RECYCLING A CARLING BREWERY
by A. Richard Miller
visits since 060217; last
So, you can't buy anything with a (copper) penny?
Paul Palmer (Zero Waste Institute) forwarded this TerraDaily article.
studying supplies of copper, zinc and other metals have
determined that these finite resources, even if recycled, may not
meet the needs of the global population forever, according to a
published in the Proceedings of the National Academy of Sciences.
This reminds me of some local history. When Jill and I moved to Lake
Cochituate in 1968, our big neighbor just west on Route 9 was Carling
Brewery -- a Canadian beer company that built this state-of-the-art
plant in 1956, during its rush on the U.S. beer market. "Hey Mabel,
Black Label!", sang the radio ads, and they finished with, "Made on the shores of beautiful Lake Cochituate!"
"We live on the only lake with a
head on it!", we joked.
Carling's famous and conspicuous waterfall (an
engineered re-aeration and cooling device for the cooling water
that it drew from the hypolimnion of Middle Pond, then returned to the
surface of the small Route-9 connector pond) lingers on.
I was the founding Executive Director of the Lake Cochituate Watershed
Association, and our directors met monthly in Carling's executive cafeteria. That
fancy lunchroom offered free, cold beer on tap. If you didn't get your
work done in the first half hour, you probably wouldn't get it done
that month. As a non-drinker, I wondered but managed to survive. And of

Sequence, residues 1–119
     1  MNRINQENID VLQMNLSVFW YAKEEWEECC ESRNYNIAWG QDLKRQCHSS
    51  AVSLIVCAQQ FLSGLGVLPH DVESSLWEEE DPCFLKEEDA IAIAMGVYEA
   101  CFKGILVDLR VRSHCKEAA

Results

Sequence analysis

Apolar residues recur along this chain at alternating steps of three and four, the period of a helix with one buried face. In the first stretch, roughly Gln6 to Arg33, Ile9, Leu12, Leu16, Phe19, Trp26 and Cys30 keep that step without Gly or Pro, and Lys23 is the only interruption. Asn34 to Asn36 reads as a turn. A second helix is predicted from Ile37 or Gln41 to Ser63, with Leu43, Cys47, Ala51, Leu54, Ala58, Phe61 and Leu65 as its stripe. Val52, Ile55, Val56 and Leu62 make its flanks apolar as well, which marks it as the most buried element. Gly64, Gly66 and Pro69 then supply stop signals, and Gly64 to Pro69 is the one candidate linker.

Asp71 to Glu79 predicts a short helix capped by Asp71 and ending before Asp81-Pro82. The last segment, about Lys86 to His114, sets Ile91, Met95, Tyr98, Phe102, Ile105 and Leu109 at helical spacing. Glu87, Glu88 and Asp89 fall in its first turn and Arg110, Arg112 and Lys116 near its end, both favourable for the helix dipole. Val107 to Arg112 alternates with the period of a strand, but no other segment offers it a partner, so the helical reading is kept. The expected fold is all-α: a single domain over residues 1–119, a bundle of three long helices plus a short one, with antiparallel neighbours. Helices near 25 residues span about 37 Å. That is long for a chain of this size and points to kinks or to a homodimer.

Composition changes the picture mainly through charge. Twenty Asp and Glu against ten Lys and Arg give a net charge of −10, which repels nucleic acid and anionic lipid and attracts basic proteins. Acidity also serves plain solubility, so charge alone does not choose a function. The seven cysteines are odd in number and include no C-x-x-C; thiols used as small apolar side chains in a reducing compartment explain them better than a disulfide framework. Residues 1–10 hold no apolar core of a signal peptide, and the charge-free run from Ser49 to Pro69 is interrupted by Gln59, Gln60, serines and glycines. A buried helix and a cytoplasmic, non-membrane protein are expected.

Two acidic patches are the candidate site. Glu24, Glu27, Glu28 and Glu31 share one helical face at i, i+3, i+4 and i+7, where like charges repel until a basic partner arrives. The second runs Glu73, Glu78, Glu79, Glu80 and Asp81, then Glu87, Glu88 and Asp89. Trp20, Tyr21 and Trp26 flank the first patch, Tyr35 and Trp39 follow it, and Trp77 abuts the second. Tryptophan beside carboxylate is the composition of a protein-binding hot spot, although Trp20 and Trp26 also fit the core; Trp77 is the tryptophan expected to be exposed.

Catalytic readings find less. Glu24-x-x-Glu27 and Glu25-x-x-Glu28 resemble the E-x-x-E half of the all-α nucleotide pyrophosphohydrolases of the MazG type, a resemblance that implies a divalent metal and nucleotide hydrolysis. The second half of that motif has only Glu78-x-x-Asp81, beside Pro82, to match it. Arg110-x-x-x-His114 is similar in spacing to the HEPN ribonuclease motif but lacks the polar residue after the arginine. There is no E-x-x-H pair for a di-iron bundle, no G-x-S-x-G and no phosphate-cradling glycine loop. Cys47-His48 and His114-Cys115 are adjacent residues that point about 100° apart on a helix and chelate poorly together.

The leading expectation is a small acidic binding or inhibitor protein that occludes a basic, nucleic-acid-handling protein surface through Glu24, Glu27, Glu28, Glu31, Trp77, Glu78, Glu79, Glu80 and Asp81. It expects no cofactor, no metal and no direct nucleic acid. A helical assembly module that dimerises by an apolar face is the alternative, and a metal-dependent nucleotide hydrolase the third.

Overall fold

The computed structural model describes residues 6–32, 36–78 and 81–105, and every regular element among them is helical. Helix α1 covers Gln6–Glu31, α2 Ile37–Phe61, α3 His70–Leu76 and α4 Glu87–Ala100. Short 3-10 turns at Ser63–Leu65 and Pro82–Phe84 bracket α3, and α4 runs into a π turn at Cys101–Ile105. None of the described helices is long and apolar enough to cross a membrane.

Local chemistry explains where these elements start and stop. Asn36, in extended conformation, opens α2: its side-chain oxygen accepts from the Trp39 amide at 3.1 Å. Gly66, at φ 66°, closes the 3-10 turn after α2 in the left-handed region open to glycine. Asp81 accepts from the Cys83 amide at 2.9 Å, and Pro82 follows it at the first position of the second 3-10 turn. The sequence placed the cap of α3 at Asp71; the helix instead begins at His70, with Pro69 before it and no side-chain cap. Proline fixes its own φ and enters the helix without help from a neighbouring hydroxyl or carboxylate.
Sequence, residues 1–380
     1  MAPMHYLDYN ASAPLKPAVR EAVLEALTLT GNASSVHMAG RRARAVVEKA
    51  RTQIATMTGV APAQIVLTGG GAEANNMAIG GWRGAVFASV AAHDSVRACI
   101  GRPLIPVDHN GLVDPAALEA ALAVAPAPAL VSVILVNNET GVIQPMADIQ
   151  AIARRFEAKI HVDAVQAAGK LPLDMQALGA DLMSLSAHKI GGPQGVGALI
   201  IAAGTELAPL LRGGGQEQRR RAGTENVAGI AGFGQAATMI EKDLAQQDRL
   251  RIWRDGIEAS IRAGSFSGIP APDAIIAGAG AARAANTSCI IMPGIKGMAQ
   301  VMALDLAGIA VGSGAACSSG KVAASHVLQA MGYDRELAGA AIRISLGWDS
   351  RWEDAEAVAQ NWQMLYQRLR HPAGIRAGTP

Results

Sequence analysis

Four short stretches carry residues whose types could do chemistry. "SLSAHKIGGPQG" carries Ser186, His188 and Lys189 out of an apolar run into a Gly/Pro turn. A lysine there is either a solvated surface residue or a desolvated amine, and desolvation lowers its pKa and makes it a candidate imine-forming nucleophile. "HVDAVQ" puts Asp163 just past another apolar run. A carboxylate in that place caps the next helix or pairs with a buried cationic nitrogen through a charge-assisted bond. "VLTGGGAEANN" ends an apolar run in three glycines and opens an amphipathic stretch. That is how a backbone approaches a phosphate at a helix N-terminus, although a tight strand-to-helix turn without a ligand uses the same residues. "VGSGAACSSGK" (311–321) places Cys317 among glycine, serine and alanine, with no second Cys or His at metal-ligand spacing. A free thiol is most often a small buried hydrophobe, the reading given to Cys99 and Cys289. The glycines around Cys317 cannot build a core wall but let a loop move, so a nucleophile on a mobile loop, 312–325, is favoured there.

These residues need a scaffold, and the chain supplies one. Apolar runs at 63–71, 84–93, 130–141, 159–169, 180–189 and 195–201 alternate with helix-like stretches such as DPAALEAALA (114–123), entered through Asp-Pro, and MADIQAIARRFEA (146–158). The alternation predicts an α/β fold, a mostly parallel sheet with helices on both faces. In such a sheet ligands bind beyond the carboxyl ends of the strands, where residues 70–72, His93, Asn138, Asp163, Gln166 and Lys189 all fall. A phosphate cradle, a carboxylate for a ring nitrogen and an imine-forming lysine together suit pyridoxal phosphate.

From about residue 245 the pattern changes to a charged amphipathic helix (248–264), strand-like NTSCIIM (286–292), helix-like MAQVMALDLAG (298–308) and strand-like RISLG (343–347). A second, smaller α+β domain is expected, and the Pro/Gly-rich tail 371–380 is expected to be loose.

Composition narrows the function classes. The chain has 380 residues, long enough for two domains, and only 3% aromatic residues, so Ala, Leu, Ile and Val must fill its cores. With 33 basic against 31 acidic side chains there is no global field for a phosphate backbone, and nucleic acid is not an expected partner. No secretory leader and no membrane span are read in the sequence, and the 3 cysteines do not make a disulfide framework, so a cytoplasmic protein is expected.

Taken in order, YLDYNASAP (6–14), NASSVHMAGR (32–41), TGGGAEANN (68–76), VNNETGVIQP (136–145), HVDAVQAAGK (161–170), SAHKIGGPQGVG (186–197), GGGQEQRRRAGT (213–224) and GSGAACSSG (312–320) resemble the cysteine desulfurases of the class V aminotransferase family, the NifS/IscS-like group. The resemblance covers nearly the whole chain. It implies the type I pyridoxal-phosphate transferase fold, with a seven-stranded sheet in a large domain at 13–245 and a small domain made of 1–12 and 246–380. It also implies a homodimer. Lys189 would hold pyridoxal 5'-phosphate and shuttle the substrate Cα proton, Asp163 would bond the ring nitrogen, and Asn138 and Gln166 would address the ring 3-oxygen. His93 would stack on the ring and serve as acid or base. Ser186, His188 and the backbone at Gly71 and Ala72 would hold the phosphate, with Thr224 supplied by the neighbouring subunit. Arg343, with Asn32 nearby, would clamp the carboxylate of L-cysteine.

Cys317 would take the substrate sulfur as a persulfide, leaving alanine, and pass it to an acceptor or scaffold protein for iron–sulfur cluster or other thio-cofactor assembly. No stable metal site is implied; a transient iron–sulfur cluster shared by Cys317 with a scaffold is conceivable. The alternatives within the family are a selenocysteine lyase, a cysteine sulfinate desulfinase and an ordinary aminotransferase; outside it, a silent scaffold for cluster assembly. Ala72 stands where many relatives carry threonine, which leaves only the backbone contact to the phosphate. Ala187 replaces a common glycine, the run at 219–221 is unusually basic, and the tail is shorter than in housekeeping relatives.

course, I got the tour of Carling's four-story-high brewing vat, large
heat exchangers and the rest:
Carling eventually stopped brewing beer in the USA. When it left Natick
in 1975, its modern beer factory on beautiful Lake Cochituate became a
"white elephant" -- too specialized and too expensive to renovate, so
it was worthless on the real-estate market. Or so we heard, for years.
But about 1979, a company quietly bought the vacant property for a
song. It used a wrecking ball to break a great hole into the
four-story-high brick facade of the brewing section, disassembled and
removed the huge vat plus various smaller ones and related plumbing,
and made a huge profit -- on the vast quantity of scrap copper that
others only saw as a white elephant!
The "useless" building gained more offices in that section, and went on
to become the world corporate headquarters for Prime Computer,
Scientific Corp., and now for The Mathworks, Inc.
A 1950-vintage Moonshiner folk-song begins, "Get You A Copper Kettle." Perhaps that's why someone realized that that huge vat was not a white elephant --
but a copper-red one, nearly worth its weight in gold!
We must learn to recycle. And some of us will get rich, by figuring that
out sooner than most.
Richard Clarke's history of
Prime Computer, Inc.
includes a later anecdote
about the same building.